Existing-home sales dropped for the eighth straight month in September, down 1.5% from August and 23.8% YOY, according to the most recent data from the National Association of Realtors.
Sales fell to a seasonally adjusted annual rate of 4.71 million and declined in three of the four major regions. The West saw no change.
“Despite weaker sales, multiple offers are still occurring with more than a quarter of homes selling above list price due to limited inventory,” said NAR Chief Economist Lawrence Yun.
“The current lack of supply underscores the vast contrast with the previous major market downturn from 2008 to 2010, when inventory levels were four times higher than they are today.”
Inventory of unsold homes fell 2.3% from August to 1.25 million. This is a 3.2 months supply at the current sales pace, unchanged from last month.
The median price for an existing home was up 8.4% YOY to $384,800, though it’s the third month of prices falling from June’s record high of $413,000.
While appreciation is moderating, prices still rose in all regions. This is the 127th consecutive month of YOY price increases, the longest streak on record.
The typical home stayed on the market for 19 days in September, up from 16 in August, while 70% of homes sold were on the market for less than a month.
Yun noted that expensive regions of the country are seeing the biggest dips in sales as buyers react to the increasing costs of buying a home.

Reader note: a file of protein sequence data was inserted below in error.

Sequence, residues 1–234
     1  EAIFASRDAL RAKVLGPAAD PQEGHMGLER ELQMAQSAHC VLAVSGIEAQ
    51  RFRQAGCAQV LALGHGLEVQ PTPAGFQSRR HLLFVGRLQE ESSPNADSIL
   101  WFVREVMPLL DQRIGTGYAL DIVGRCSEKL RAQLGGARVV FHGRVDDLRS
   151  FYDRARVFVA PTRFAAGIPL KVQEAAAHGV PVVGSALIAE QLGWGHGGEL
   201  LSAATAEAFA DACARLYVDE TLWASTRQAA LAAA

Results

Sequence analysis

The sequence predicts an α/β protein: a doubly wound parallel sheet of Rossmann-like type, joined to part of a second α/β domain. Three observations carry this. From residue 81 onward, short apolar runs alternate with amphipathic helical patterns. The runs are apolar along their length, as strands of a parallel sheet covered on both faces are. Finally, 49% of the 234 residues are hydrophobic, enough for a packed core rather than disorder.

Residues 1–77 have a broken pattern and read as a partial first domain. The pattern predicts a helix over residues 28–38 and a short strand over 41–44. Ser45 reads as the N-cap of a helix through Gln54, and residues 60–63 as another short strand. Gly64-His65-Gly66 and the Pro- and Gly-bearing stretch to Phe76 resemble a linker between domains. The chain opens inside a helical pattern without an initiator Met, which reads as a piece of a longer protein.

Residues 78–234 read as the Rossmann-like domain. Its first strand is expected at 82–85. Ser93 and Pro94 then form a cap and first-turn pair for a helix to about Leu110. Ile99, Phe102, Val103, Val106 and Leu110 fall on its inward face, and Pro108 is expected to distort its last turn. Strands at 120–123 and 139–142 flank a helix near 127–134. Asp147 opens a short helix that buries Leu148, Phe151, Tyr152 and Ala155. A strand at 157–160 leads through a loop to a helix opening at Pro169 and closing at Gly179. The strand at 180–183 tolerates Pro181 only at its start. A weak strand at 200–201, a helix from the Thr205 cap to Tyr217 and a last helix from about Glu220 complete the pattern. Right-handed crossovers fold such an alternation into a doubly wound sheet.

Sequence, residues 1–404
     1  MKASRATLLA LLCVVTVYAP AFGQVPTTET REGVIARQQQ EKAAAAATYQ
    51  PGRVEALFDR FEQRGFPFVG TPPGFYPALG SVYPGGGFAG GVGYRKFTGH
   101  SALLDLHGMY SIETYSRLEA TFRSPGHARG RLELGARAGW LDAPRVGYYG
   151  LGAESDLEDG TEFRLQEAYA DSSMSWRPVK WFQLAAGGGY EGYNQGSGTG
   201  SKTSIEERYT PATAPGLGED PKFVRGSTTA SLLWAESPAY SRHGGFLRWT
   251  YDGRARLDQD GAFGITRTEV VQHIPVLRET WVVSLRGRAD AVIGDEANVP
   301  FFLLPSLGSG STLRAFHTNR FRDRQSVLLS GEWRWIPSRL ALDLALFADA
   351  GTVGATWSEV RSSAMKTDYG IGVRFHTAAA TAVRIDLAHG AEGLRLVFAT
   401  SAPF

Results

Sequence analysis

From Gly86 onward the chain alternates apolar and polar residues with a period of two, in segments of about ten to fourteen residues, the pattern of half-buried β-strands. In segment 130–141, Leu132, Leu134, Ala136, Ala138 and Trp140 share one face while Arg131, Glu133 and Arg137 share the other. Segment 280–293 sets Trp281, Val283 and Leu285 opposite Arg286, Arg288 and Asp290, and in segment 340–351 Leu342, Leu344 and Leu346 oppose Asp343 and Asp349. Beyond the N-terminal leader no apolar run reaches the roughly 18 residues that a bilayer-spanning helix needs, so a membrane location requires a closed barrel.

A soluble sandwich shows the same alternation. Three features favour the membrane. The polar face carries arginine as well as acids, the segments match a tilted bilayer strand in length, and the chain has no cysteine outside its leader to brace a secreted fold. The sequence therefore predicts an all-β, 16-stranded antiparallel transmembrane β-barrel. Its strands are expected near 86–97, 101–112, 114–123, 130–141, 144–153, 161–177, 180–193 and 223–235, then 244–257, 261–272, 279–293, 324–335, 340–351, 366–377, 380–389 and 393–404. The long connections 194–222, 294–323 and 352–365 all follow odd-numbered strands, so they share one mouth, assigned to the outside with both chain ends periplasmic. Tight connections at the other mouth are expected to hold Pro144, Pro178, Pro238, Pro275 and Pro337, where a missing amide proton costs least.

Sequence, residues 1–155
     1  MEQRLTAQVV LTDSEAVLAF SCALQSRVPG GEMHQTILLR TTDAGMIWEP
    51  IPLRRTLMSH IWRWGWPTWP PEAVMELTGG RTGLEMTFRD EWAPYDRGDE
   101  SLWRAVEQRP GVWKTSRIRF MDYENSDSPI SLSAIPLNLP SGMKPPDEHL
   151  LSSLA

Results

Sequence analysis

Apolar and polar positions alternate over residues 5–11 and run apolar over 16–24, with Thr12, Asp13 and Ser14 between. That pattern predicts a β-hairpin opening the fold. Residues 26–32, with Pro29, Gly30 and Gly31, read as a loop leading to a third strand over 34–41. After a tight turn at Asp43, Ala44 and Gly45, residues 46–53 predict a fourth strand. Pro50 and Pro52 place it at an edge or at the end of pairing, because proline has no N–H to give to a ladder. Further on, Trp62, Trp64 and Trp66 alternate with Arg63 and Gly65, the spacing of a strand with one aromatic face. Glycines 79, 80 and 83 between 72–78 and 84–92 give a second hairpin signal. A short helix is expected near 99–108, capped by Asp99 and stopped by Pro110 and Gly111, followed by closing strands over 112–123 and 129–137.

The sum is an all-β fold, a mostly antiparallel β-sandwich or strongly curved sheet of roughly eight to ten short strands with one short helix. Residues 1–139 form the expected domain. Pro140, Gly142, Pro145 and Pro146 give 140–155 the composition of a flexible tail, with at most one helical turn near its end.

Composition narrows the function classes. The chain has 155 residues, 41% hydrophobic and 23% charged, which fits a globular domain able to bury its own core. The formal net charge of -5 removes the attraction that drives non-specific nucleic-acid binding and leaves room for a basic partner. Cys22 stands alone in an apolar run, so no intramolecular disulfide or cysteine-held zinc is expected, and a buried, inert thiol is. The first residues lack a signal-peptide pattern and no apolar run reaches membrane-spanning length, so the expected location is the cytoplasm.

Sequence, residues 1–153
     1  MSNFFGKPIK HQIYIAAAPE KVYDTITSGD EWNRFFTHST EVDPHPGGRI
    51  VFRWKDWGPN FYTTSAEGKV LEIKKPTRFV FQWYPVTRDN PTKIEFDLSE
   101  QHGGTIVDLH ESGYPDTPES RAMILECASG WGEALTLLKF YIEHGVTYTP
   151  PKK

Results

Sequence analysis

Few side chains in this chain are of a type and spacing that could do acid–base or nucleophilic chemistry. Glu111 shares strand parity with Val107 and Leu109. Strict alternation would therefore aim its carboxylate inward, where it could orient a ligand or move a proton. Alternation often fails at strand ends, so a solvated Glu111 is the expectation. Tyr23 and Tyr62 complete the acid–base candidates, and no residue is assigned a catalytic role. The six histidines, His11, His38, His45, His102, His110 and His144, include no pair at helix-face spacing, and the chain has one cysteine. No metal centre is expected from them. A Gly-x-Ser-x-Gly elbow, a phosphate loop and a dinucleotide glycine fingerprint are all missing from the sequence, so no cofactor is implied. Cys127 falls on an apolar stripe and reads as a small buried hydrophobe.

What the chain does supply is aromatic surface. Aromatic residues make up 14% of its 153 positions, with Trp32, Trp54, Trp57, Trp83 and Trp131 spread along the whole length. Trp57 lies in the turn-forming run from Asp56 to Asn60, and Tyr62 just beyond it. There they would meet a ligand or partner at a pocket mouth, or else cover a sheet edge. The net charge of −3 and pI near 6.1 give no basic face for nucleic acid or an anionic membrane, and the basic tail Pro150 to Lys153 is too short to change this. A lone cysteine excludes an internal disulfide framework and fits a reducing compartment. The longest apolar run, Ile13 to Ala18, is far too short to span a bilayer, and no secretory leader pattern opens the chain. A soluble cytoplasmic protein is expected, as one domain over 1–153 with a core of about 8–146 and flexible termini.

The share of income required to afford a mortgage has risen to 30.2%, far exceeding the normal rate of 22.8%. National prices are about 25% higher than where they need to be to return to normal levels.
Leaders at Zillow say the country would need to see a “sharp” inventory increase for a major price correction to occur, which is unlikely.
“Inventory remains tight, real income growth is dismal, mortgage rates show no signs of dropping, and there is plenty of pent-up demand ready to bid prices back up if they reach a level would-be buyers can once again afford,” said Zillow Senior Economist Nicole Bachaud.
“Filling the housing deficit continues to be the key to long-term affordability, but the recent slowdown in single-family construction is not a good sign that the market is getting closer to building enough to meet demand.”
Follow Us On Twitter:
Read More Articles: